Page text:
She stated: “The antibodies levels were still high at the end of our study, so the protection likely extends even longer.”
The research was based on a small study, involving mothers who provided frozen breast milk samples after receiving two doses of the Pfizer-BioNTech coronavirus vaccine.
“There is so much vaccine misinformation out there right now. There are really scary, misleading posts on social media that are designed to scare mums. So, we felt like we needed to look at the science,” said Dr Kelly.
“We know that these types of antibodies coat babies mouths and throats and protect against disease when a baby is drinking breast milk. So, getting vaccinated while breastfeeding not only protects mum, but also could protect the baby, too, and for months.”
During the study, the researchers tracked levels of Covid-19 antibodies in breast milk before the mothers’ first vaccinations and every week for 80 days after those initial vaccinations.
The babies of the women included in the study ranged in age from one month to 24 months old.
The findings of the study confirmed that breast milk contains elevated levels of antibodies immediately following the first dose of vaccination, which reach immune-significant levels within 14 to 20 days of the first vaccination.
While other recent research has shown that Covid-19 vaccines generate antibodies that are passed to nursing infants through breast milk, this is thought to be the first study to track specific levels of these antibodies in breast milk over an extended period.
“Our study is limited by a small number of participants, but the findings provide encouraging news about the potential immune benefit to breastfeeding infants after vaccination,” said Dr Misty Good, a senior author of the study and an assistant professor of paediatrics at Washington University.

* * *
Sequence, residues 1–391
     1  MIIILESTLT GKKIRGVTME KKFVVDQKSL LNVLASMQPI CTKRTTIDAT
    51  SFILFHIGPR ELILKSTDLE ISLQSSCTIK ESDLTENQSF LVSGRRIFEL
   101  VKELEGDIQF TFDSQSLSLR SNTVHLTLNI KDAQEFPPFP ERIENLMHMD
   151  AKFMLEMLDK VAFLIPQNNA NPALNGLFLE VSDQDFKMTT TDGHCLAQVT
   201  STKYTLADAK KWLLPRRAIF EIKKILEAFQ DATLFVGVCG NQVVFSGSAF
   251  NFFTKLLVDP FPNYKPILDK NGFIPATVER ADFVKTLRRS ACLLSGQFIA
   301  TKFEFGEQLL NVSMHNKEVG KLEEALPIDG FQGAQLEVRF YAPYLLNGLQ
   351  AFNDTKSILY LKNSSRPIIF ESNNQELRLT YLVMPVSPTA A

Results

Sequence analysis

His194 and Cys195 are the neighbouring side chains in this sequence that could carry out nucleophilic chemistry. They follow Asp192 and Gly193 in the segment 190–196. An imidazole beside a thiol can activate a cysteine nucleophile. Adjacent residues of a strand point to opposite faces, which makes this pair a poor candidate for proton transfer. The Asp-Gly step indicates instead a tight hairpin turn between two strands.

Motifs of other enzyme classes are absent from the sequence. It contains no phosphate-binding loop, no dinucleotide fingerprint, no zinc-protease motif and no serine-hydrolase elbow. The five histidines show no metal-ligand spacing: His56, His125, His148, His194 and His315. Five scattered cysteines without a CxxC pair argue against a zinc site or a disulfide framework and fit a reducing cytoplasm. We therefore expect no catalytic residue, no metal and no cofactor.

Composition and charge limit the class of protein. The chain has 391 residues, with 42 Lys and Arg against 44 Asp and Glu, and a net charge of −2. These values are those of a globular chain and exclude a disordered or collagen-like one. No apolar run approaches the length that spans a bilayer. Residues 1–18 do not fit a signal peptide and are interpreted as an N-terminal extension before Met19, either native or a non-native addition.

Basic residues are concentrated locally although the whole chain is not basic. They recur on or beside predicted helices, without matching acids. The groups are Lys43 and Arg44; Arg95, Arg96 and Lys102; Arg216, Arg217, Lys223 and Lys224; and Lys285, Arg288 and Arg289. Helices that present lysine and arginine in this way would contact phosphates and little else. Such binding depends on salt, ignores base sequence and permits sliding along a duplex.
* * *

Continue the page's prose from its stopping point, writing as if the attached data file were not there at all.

“Our paper is the first that has shown Covid-19 antibodies persist in breast milk for months following the mother’s vaccination,” she stated.
The findings are similar to prior studies on maternal vaccination, which have shown high levels of antibodies in breast milk for up to six months following vaccination for influenza and whooping cough.
The researchers noted that while further studies of maternal Covid-19 vaccination are needed to characterise the length of antibody production in breast milk and the effect on infant infection rates, recent research continues to confirm that the Covid-19 vaccine offers real benefits for protecting both mother and child.
“We do know that Covid-19 infection is more severe during pregnancy and that the main benefit of vaccination is to provide protection for mums before they become really sick, which can also be dangerous to their foetus. But there have now been almost 70,000 pregnant people vaccinated against Covid-19 with no evidence of harm,” said Dr Kelly.
“We’re now seeing a cascade of new data that indicate maternal vaccines are also going to help protect babies, both through transfer of antibodies through the placenta and during pregnancy, as well as through the breast milk during lactation.
“This is information we didn’t have a few months ago and it’s really helping us better counsel our patients who are considering getting the vaccine. I’m telling my pregnant and breastfeeding mums that I strongly recommend that they get vaccinated as soon as possible.”